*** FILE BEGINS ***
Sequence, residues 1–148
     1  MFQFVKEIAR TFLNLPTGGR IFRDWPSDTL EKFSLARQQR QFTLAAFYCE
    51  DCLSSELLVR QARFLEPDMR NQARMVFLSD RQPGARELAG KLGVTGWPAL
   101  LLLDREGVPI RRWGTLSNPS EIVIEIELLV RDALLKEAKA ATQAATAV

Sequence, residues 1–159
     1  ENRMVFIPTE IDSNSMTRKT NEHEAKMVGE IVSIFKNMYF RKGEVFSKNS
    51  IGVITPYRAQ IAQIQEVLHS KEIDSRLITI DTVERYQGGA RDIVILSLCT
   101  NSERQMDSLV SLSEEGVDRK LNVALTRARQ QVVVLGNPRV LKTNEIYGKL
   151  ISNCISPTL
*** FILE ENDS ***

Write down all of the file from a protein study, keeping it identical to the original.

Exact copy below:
Sequence, residues 1–148
     1  MFQFVKEIAR TFLNLPTGGR IFRDWPSDTL EKFSLARQQR QFTLAAFYCE
    51  DCLSSELLVR QARFLEPDMR NQARMVFLSD RQPGARELAG KLGVTGWPAL
   101  LLLDREGVPI RRWGTLSNPS EIVIEIELLV RDALLKEAKA ATQAATAV

Sequence, residues 1–159
     1  ENRMVFIPTE IDSNSMTRKT NEHEAKMVGE IVSIFKNMYF RKGEVFSKNS
    51  IGVITPYRAQ IAQIQEVLHS KEIDSRLITI DTVERYQGGA RDIVILSLCT
   101  NSERQMDSLV SLSEEGVDRK LNVALTRARQ QVVVLGNPRV LKTNEIYGKL
   151  ISNCISPTL